Dollabarat - It's only a few kilometres to the south east of Formigas and the reef at Dollabarat is about the same size as a football pitch. It rises from the seabed over a thousand meters below and the reef averages at fifteen meters. The visibility is normally very good here and the sunlight bounces beautifully from the coloured rock giving you very picturesque dive. It is famous for the marine life on this dive and it is common to see mobula and manta rays along with sharks and large groupers.
Blue Sharks - From June to late September blue sharks are attracted to the submerged sea mounts and it is very common to see them. Chum is put in the water (the sharks are never fed) and you can see the sharks approaching up the chum line as they cautiously get closer to its source. Divers hang on to a weighted line and watch as these magnificent creatures cruise effortlessly by. The dive centre has done this many, many times and has never had an incident and all divers must follow the instructions from this experienced team. You still do need to be aware that this dive takes place in the off shore blue water and that you are in an wild, natural and although utterly beautiful a somewhat unpredictable environment.
Pico is part of the central island group and it's volcanic tip dominates the local scenery. It rises from the ocean to a heady 2351 meters and those slopes continue to disappear in the sea. These deep waters that flow past Pico make it a fantastic destination for dolphin and whale watching and a great place to dive.
It is the second largest island in the archipelago, it is forty two kilometres in length and fifteen kilometres wide and is home to approximately fifteen thousand people. It is very close to its neighbour Faial which is only six kilometres away and the channel in-between the islands does have some fantastic dive sites. Pico already has a well established and very well thought of whale and dolphin watching programme due to the large variety of cetacean species that swim in the waters around it. More recently Pico is developing it's reputation around another fantastic attraction - the blue shark along with the less frequently spotted mako sharks. This along with fantastic dive site of Princess Alice Banks really makes Pico a great destination for the adventurous diver.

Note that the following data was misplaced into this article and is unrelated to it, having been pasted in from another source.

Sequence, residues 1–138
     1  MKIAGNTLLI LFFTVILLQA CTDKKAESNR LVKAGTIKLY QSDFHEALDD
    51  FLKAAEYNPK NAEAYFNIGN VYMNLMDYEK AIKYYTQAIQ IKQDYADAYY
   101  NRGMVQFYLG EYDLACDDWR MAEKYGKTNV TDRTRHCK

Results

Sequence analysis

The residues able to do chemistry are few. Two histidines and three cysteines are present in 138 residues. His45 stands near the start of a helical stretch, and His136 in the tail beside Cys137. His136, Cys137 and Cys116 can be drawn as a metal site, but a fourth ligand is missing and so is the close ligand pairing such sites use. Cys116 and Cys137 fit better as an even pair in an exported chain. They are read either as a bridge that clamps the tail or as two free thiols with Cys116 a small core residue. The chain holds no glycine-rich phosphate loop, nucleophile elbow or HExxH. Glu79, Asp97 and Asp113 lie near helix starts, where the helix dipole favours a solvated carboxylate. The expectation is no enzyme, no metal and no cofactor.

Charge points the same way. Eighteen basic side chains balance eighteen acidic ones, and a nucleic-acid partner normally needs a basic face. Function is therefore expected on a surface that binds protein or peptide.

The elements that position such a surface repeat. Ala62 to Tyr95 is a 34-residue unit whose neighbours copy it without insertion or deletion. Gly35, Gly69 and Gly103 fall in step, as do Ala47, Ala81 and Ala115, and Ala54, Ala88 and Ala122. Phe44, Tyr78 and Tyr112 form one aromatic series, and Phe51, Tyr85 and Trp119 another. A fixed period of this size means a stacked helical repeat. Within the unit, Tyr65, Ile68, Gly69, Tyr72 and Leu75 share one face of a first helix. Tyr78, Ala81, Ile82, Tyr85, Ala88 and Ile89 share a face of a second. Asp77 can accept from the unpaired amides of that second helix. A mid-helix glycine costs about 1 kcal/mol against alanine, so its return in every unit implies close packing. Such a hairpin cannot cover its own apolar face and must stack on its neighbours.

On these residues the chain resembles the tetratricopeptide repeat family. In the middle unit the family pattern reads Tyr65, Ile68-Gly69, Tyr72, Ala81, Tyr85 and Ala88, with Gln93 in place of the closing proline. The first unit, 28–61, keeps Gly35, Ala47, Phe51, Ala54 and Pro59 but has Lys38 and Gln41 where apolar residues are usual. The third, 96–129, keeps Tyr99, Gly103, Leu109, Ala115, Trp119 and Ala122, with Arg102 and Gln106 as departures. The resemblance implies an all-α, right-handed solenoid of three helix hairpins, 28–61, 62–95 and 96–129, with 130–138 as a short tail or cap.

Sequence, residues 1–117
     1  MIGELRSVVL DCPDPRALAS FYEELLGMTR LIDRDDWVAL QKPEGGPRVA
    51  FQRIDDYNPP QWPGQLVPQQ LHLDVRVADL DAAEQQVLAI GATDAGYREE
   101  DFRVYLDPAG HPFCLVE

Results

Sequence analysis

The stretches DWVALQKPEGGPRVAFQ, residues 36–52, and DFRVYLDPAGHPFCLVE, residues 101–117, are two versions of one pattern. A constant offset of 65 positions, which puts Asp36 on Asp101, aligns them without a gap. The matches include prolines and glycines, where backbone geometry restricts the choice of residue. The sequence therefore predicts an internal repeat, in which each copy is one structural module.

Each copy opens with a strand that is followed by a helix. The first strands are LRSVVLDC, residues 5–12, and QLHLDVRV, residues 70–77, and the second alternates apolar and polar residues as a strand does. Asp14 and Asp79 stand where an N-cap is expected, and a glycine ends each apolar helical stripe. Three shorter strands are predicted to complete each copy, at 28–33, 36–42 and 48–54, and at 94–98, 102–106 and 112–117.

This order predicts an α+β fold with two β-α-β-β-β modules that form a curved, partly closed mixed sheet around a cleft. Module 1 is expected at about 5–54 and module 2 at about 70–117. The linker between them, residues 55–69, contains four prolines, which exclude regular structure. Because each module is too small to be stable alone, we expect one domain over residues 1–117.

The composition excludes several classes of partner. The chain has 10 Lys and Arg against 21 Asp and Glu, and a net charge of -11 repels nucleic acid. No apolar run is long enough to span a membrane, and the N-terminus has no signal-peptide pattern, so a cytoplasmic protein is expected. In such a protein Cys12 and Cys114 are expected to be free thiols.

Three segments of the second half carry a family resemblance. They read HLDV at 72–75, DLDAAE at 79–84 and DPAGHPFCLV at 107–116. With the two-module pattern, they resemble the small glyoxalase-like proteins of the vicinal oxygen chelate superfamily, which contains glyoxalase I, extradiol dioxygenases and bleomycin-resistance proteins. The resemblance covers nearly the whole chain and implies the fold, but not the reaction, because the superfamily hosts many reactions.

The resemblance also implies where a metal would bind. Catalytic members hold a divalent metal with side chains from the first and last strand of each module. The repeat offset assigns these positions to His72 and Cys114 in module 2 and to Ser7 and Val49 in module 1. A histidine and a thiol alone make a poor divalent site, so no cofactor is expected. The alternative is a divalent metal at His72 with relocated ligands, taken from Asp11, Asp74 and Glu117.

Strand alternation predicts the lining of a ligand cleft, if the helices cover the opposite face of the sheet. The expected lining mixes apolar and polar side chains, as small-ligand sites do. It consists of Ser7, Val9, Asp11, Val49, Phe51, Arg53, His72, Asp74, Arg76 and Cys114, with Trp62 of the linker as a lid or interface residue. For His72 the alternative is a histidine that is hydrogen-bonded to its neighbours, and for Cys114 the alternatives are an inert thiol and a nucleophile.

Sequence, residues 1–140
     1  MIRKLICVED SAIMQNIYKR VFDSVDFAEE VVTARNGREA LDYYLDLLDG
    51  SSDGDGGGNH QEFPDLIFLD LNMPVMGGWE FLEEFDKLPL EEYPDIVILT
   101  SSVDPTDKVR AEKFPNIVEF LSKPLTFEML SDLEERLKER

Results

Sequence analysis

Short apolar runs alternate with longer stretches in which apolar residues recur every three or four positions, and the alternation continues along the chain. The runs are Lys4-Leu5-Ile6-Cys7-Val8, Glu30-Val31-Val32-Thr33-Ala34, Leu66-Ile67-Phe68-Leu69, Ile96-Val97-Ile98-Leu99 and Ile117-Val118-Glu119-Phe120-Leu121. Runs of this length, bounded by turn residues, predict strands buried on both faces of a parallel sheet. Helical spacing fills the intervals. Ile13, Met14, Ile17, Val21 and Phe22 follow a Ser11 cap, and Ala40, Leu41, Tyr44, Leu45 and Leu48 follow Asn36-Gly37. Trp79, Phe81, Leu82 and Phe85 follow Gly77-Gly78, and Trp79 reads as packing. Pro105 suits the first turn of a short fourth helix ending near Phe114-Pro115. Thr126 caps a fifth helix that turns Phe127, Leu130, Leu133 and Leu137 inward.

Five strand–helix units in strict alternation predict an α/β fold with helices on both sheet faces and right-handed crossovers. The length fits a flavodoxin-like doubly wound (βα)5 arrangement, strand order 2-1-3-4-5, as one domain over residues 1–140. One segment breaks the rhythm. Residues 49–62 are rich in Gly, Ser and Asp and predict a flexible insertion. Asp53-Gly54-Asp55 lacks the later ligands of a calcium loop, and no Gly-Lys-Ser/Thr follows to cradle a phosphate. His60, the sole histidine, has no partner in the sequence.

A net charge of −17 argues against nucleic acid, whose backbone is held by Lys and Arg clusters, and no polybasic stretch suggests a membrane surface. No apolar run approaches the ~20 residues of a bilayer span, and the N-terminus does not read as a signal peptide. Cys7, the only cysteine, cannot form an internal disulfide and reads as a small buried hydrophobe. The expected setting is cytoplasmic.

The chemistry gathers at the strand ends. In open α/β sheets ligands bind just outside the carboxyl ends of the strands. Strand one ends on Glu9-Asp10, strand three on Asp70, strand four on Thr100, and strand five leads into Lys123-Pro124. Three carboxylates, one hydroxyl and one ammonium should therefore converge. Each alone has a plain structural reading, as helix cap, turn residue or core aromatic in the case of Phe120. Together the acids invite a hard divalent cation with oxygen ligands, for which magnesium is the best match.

Blue Sharks These amazing creatures are elegantly designed for cruising the open oceans and they are often found in the deep waters off Pico's coast. They are now classified as a 'Near Threatened' species and have been studied for a number of years now across the world and their habits and migration patterns are certainly becoming more understood. Our local dive operator strives to ensure that the shark diving does not impact on the animals and a set of strict in water regulations have to be abided by, they take part in education programs along with protection schemes to create better understanding of this majestic pelagic shark. There is a donation to the PADI Project Aware foundation, for all the Blue shark dives made around Pico.
Princess Alice Bank This is a large underwater mountain with the peak sitting thirty five meters under the surface and the long boat ride is certainly worth it. It is formed from part of the mid Atlantic ridge and is home to some very special visitors. Mobula rays, specifically Chilean devil rays swirl and dance in the strong currents which really is a sight to behold. This dive is usually done holding onto a mooring line above the submerged mountain peak as a wonderful variety of marine life whirl around. Even though the rays are the stars of the shows there are lots of other things to see here. It is common to see Atlantic bonito, Jacks and large schools of Barracuda and it is common to see sharks here as well.